According to an Italian Marxist named Antonio Gramsci, [Eugene] Genovese explained, ruling classes retained power not only by monopolizing force but also, or even primarily, by convincing others that their values were the best values. This notion seemed sensible enough but hardly extraordinary because that was how jocks and cheerleaders dominated suburban high schools. Little did I suspect that I was present at the birth of a buzz word or that I was participating in the intellectual equivalent of buying Xerox stock when it was sold door-to-door.

Ribuffo wrote several witty essays like that, and more than a few sharp scholarly papers. But he produced only two books in his lifetime, and the other one was an essay collection. That wasn't because he gave up on long-form writing. It's because he dove deep into it, spending the last two decades of his life working on a book about Jimmy Carter. Andrew Hartman reports that the incomplete manuscript is reputed to be upwards of 200,000 words long. "For our sake, I hope the book is published posthumously, even if Leo never finally got it right by the lofty standards he set for himself," Hartman writes. I agree.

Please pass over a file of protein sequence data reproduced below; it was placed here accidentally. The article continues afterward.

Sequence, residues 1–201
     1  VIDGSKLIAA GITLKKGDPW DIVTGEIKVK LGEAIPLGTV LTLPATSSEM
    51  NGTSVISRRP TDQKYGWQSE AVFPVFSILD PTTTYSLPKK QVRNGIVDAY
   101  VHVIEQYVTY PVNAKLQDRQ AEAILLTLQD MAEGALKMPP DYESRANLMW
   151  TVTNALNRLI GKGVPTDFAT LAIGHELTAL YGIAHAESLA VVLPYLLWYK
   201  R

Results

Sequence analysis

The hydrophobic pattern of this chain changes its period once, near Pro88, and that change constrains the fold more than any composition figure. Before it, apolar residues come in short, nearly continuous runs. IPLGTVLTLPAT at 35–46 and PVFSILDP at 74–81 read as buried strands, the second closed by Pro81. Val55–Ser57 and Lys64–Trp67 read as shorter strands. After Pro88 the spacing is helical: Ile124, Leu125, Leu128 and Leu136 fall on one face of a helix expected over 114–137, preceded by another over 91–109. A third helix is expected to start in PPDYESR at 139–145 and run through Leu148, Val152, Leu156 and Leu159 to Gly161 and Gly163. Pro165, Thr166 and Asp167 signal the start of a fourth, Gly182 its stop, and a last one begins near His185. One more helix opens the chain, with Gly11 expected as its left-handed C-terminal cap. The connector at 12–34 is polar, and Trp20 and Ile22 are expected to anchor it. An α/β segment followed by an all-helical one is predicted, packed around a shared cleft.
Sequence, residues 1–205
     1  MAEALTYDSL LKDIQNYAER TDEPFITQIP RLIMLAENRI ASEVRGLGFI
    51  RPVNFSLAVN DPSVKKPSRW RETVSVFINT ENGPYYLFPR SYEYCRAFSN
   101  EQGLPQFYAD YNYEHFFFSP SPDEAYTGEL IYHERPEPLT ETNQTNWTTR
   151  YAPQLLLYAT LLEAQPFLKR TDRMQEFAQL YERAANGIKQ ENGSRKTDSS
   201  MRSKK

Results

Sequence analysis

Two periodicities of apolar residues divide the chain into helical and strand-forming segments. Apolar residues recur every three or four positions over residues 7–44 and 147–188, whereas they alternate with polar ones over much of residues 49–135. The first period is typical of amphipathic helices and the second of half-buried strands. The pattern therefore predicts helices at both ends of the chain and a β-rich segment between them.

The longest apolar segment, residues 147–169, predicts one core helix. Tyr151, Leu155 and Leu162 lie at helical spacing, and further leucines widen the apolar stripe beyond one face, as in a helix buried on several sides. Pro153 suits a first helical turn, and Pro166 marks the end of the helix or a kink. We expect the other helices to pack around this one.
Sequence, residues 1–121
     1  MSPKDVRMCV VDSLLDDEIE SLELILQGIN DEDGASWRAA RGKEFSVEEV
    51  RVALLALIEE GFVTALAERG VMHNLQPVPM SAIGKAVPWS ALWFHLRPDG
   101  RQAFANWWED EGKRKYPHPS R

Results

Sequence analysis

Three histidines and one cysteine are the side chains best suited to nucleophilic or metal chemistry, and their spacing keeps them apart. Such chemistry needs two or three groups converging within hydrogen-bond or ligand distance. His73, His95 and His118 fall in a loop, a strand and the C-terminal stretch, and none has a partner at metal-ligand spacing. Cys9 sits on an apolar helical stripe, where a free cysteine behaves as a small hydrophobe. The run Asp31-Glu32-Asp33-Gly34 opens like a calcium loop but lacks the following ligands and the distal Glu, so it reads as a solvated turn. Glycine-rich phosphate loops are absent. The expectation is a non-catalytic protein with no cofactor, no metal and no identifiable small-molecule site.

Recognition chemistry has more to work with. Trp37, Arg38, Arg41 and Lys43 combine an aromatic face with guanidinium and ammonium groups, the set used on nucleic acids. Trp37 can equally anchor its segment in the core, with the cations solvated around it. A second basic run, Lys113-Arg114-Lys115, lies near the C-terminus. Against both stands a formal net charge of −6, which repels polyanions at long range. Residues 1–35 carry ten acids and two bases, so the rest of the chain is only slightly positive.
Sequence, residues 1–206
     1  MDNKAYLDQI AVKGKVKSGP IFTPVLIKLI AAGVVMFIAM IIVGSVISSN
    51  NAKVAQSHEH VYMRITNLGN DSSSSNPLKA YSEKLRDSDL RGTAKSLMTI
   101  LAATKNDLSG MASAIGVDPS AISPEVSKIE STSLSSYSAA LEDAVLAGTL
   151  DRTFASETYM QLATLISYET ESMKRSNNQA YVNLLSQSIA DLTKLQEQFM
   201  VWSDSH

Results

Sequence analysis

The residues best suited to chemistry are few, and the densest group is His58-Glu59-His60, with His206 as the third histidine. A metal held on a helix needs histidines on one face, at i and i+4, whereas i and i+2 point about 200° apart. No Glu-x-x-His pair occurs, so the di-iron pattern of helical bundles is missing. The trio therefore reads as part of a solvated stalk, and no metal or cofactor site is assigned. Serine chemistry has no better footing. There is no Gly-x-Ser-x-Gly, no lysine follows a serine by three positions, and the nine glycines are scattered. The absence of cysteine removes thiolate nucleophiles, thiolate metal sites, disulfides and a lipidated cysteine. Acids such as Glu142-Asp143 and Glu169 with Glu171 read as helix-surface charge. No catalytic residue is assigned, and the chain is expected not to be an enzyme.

Some of the phrases in Ribuffo's description of his life's work—"historical oddities," "weirdo factor"—may make it sound like he was fixated on peculiar byways. But the great open secret of American history is that it's all weird: not just the religious oddballs and political extremists, but those supposedly sober folks who run things. Ribuffo understood that, and with his writing he helped the rest of us understand it too.

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  1. More to the point of your saying these types of characters were influential in the mainstream, I came across this quote from way back when:

    “Feinstein, Milk, Moscone, and future mayor Willie Brown all supported Jones even after he and his followers fled to the jungles of Guyana.”